An observation: The difference between many conservatives and progressives on Covid-19 comes down not to what they believe but when they believe it.
Jim Geraghty pointed out yesterday that there’s a pattern where conservative or other media notice something — say, that cloth masks aren’t very effective — “and that observation or contention is denounced by the left and mainstream media outlets as wrong, inaccurate, even a malevolent lie. And then, a few months or a year later, the mainstream media catches up and realizes, ‘oh, wait, that contention was right all along.’”
This pattern stretches beyond the pandemic, but it’s particularly observable with the pandemic.
A batch of stories in left-leaning media recently warned about the harm caused by school closures. This followed mainstream acknowledgements that the Covid lab-leak theory — once the stuff of hysterical conspiracists, we were told — had a lot going for it. One U.S. agency even endorses it, though several others do not. Rich Lowry writes today about how the public today is more worried about kids falling behind in school than the spread of Covid, and generally wants to figure out a way to learn to live with this virus. Partisan divides remain, but the gap appears to be closing.
This essay in Tablet also points out how views once advanced by one ideological side have been adopted more broadly:
Many cities that implemented mask mandates and vaccine passports are seeing some of their highest case counts of the pandemic. As a result, the original justifications for COVID restrictions are now being openly contradicted by the same people who once argued for them—but without acknowledging the pivot. . . .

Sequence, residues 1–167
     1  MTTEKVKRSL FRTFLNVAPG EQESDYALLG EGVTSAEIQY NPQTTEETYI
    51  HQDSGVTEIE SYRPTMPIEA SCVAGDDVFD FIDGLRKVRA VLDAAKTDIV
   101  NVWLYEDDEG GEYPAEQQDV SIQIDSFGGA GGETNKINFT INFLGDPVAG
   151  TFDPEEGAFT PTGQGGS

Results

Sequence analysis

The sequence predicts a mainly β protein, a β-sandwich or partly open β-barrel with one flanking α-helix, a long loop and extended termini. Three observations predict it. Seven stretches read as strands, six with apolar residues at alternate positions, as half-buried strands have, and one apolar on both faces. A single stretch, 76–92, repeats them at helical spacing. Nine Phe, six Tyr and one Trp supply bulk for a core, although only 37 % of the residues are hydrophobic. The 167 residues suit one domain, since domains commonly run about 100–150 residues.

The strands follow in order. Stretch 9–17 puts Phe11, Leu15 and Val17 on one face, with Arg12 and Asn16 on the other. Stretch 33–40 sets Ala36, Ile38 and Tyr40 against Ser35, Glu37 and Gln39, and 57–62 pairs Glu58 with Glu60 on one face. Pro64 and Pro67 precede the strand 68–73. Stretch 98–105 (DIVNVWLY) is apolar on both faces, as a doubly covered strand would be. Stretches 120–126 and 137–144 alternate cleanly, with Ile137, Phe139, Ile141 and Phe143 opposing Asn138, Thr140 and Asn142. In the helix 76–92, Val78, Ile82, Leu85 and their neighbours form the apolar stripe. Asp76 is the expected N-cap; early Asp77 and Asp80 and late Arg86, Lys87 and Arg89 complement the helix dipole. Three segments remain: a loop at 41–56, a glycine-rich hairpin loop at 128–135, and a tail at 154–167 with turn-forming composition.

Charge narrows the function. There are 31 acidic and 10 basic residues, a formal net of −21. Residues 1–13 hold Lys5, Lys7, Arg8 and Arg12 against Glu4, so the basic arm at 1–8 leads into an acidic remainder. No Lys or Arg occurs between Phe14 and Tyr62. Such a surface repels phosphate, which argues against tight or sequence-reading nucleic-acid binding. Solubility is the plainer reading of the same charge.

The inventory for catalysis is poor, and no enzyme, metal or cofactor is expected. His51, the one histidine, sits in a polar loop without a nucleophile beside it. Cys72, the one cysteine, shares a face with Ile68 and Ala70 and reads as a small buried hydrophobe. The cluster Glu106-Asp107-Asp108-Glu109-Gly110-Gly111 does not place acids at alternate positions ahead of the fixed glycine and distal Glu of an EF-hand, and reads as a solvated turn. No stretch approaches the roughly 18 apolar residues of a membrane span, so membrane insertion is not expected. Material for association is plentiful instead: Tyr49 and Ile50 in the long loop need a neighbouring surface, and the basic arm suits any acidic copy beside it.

While COVID testing may be clinically valuable for people with symptoms, testing millions of asymptomatic people can lead to large-scale, unnecessary quarantines and disruptions (as Fauci has now admitted). Nevertheless, state and city governments used “rising cases” to rationalize shutdowns, school closures, and mask mandates. Public health officials and the media portrayed these raw case numbers as a meaningful metric and presented testing as an infallible tool.
In the past month, this approach has abruptly changed. . . .
It would be one thing if the change in messaging tracked a dramatic change in available evidence, or even if the messengers candidly acknowledged an “evolution” in their thinking. But neither is the case; the change is simply taking place with no recognition or apology—“Oceania has always been at war with Eastasia.” Having spent two years vilifying anyone who made similar arguments and observations based on the same evidence, CNN, MSNBC, and other outlets are starting to openly discuss the harms and tradeoffs of COVID policies.
The essay notes how these shifts include new mainstream skepticism about testing protocols, about how we count cases, about school closures, and about quarantine recommendations.
The patterns should — they won’t, but they should — give pause to those champing at the digital bit to decry and/or censor contrary views as “misinformation,” a definition that only seems to apply in one direction. Misinformation can be dangerous, and there certainly is a lot of it out there on the vaccines. But the above examples are a reminder that, in many areas, today’s “misinformation” is tomorrow’s consensus.